Two years after a scandal engulfed the nation’s veterans hospitals, with reports of long waiting lists, cooked appointment books and patients dying while they waited for care, a commission created by Congress has delivered a plan to transform the Veterans Affairs Department over the next 20 years.
Its 300 pages, released on Wednesday, are a chronicle of failings at the Veterans Health Administration, the part of the V.A. that handles medical care. The debate over the report’s many judgments and prescriptions is just beginning. But the commission’s ambitious work brings two immediate thoughts to mind.
First is a fresh awareness of the danger of quick fixes. After the furor of 2014, which forced the V.A. secretary, Eric Shinseki, to resign, Congress swiftly passed a law and gave the V.A. 90 days to carry it out. It offered a seemingly straightforward solution to long-delayed appointments — allowing patients who have to wait more than 30 days or live more than 40 miles from a V.A. hospital or clinic to see private doctors.
But that hastily created program, whose management was outsourced to private contractors, with confused and conflicting rules, only made things worse. “In execution,” the commission wrote, “the program has aggravated wait times and frustrated veterans, private-sector health care providers participating in networks, and V.H.A. alike.”
That leads to the second thought: the danger of jumping to the wrong conclusions. The V.A. is troubled, no question. But the commission properly stops short of recommending a solution dear to ideologues on the right, which is to dismantle one of the largest bureaucracies in American government — one with a critically important mission — and hand the wreckage to the private sector.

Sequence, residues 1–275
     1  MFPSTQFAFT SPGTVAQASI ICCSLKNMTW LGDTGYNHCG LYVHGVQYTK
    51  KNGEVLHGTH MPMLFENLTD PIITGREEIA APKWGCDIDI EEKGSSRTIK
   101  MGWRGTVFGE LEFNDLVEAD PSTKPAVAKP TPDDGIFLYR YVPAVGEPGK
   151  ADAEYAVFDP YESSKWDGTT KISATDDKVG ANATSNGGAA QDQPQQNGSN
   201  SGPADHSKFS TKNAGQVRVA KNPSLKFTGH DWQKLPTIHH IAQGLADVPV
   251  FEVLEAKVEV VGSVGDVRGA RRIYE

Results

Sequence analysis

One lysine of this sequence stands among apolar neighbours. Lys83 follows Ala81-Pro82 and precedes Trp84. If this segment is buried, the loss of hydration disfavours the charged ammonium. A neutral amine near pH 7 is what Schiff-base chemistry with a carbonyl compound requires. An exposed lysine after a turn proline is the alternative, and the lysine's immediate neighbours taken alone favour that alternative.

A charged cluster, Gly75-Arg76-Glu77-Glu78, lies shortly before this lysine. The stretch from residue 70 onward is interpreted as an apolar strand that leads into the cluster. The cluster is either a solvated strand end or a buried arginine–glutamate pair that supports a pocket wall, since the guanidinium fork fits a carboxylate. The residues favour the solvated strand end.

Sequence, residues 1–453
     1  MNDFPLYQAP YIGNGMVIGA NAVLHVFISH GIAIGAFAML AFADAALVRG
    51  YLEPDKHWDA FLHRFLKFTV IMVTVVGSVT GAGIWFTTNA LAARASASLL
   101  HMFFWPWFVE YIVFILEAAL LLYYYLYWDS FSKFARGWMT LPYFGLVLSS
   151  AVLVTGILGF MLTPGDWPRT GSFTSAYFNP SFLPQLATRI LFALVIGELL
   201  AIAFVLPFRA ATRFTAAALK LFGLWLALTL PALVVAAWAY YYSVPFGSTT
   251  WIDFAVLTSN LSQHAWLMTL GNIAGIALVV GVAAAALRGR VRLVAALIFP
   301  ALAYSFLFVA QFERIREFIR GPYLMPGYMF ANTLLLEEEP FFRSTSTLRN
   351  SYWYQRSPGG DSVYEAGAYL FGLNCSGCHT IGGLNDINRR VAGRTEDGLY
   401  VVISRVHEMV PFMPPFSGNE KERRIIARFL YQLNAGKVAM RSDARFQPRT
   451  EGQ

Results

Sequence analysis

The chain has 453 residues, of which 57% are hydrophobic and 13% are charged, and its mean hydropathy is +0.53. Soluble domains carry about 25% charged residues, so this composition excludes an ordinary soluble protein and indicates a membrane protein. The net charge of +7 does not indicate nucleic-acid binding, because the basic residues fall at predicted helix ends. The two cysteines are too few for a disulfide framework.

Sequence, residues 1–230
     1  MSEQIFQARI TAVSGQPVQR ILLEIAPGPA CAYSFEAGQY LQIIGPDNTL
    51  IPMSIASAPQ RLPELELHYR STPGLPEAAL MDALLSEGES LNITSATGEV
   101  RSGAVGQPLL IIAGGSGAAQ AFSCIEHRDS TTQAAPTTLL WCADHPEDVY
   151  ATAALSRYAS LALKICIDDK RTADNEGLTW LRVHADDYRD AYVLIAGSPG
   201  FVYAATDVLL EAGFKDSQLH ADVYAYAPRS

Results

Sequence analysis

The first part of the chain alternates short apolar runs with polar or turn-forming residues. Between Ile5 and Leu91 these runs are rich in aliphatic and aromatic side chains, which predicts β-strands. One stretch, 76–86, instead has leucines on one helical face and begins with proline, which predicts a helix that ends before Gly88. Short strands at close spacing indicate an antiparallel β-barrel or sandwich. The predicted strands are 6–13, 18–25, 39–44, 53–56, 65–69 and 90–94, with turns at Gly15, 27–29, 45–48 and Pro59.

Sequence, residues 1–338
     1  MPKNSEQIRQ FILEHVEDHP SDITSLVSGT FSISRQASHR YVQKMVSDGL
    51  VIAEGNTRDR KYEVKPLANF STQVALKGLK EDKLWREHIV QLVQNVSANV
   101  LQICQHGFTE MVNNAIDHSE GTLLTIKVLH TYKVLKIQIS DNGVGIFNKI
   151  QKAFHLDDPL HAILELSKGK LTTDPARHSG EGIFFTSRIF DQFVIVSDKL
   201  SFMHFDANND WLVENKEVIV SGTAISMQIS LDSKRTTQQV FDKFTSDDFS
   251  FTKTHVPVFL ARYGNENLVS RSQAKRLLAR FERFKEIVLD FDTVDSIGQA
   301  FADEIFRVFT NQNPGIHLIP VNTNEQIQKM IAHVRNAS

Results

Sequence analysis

For all its problems, the V.A. is not failing in the area that matters most: delivering excellent, integrated health care to a population with many challenging medical needs. The overall quality of its clinical care is high, as good as and often better than what the private sector can offer. And for veterans with complex, combat-related wounds — spinal-cord injuries, traumatic brain injuries, severe burns, amputations, post-traumatic stress disorder, or the combination of grave injuries called polytrauma — there is no substitute for the breadth and specialized competence of the V.A.
Those who delight in accounts of big-government ineptitude and inefficiency will find lots to savor in the commission report. The commission acknowledges that V.A. care can be inconsistent, with the lack of access to doctors being the agency’s worst management failure. It recommends overhauling the agency’s leadership structures, reforming eligibility requirements, investing in buildings and updating information technology, among other things
But its primary recommendation is to greatly expand access by creating “integrated, community-based” health care networks that all veterans can use, bolstering the Veterans Health Administration with doctors and hospitals from the Defense Department, other federally funded providers, and local ones.
It’s unclear how that new public-private agglomeration is supposed to work, but getting those devilish details right is crucial. Veterans’ advocacy groups are right to be concerned that shedding patients and services to the private sector may ultimately weaken the V.H.A.
Given the egregious gap between the need for medical care and the supply of doctors and providers, there is clearly a role for qualified private health care providers to pitch in. But privatizing the V.A. — throwing wounded veterans upon the vagaries and mercies of corporations, co-pays and premiums — is no solution.